In 2007 the UN international court, after a 3 year of investigations has announced Ali Belhadj as well as Abbassi Madani the President of the Islamic Pary FIS, to be innocent of all the charges made against them by the Algerian Military Court that jailed them wrongly for 12 years. The UN international court also declared that the Judgement made against these two leaders was illegitimate under the Algerian Constitution as well as International law.

He joined the protests in Bab El Oued on 5 January 2011 and was arrested the same day. He was charged a few days later with "harming state security and inciting an armed rebellion."[6]

On 25 July 2011, Belhadj's 23-year-old son Abdelkahar, along with three-would be suicide bombers and two of his associates, were shot dead by Algerian security forces while planning a suicide bombing at a military checkpoint in Algiers.[7] Abdelkahar Belhadj was considered to be a high ranking senior leader in Al Qaeda in the Islamic Maghreb.[7]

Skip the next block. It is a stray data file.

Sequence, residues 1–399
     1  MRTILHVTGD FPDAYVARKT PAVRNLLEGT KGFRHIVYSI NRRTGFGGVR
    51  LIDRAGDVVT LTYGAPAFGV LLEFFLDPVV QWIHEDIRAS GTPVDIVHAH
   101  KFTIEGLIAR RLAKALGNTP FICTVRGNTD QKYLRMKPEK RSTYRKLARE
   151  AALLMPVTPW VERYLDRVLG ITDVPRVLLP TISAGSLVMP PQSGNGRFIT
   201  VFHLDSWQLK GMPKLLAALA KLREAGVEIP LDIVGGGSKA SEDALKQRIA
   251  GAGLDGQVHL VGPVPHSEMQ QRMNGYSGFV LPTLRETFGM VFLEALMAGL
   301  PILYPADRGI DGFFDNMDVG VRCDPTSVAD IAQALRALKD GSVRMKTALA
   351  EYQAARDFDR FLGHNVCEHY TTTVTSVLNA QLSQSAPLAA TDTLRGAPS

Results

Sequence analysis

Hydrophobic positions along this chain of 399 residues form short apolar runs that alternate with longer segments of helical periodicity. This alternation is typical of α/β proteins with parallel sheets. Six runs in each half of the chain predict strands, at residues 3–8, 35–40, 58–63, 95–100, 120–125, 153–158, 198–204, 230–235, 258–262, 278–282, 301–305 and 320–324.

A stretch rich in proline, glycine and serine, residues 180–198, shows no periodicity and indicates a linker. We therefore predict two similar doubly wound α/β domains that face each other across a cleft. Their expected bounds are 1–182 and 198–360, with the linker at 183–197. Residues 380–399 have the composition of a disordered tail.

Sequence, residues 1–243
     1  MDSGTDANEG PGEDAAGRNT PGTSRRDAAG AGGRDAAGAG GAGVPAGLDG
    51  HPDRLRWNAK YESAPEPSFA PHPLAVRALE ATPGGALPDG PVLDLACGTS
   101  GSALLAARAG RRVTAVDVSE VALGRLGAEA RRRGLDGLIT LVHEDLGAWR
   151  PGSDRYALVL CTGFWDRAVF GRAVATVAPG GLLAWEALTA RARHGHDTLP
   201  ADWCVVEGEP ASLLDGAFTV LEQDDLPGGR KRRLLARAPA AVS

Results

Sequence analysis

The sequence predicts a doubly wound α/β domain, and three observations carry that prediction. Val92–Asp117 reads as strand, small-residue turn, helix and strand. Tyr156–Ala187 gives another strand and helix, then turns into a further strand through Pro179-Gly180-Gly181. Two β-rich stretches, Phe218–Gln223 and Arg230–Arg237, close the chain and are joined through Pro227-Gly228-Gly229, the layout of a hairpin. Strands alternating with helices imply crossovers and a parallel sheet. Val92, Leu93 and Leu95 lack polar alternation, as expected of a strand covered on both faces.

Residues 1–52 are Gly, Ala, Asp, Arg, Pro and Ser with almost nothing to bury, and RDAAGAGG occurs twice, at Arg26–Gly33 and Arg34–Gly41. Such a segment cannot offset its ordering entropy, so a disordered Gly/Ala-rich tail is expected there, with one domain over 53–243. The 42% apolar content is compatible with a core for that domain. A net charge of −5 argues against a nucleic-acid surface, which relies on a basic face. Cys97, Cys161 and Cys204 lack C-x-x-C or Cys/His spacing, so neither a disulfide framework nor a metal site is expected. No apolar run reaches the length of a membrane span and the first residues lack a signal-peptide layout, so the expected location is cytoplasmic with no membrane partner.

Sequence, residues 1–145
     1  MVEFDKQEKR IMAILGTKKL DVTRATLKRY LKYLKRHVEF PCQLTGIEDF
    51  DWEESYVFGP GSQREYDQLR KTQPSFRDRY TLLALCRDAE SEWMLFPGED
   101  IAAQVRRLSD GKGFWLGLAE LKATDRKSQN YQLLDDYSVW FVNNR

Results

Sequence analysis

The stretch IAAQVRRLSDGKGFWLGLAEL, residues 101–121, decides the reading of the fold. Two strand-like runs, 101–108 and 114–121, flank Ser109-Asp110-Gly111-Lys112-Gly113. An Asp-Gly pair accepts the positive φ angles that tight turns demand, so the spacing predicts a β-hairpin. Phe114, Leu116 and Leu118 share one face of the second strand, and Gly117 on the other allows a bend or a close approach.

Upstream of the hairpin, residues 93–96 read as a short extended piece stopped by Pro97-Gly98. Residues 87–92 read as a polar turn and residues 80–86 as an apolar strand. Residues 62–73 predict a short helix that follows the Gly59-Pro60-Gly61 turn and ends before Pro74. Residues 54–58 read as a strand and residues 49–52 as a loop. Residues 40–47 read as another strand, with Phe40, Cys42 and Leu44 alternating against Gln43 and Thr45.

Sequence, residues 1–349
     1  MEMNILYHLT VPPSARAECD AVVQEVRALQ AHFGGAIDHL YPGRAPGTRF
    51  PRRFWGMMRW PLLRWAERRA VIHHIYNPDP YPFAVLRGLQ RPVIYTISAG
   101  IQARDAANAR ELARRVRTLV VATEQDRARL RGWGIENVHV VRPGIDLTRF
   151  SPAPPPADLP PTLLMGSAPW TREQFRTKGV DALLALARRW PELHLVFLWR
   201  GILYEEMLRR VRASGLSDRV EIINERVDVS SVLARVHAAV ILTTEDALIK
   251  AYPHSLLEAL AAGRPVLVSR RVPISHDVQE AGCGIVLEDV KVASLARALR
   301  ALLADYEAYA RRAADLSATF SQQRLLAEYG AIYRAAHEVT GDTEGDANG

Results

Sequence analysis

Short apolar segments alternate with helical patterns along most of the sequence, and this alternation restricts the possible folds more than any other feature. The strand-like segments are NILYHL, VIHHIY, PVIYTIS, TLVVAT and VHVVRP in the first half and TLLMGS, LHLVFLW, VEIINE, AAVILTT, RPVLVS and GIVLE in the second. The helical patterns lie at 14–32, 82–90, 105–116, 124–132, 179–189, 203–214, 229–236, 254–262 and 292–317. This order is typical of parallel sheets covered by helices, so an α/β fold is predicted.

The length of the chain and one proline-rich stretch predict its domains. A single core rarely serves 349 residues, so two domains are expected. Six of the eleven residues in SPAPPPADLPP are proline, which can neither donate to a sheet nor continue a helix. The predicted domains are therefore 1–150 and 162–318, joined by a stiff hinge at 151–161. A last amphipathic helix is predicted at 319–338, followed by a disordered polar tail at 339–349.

In January 2015 he called for early presidential election as "a first step towards solving the country's political crisis" (Algerian President Abdelaziz Bouteflika suffered a stroke in April 2014).[8]


Seen as the spiritual leader of the most hardline factions of the FIS, he was against women working and condemned democracy as a Western innovation, while emphasizing the importance of Islamic education. In 1990 declared his intention, "to ban France from Algeria intellectually and ideologically, and be done, once and for all, with those whom France has nursed with her poisoned milk."[9][10] Belhadj declared that: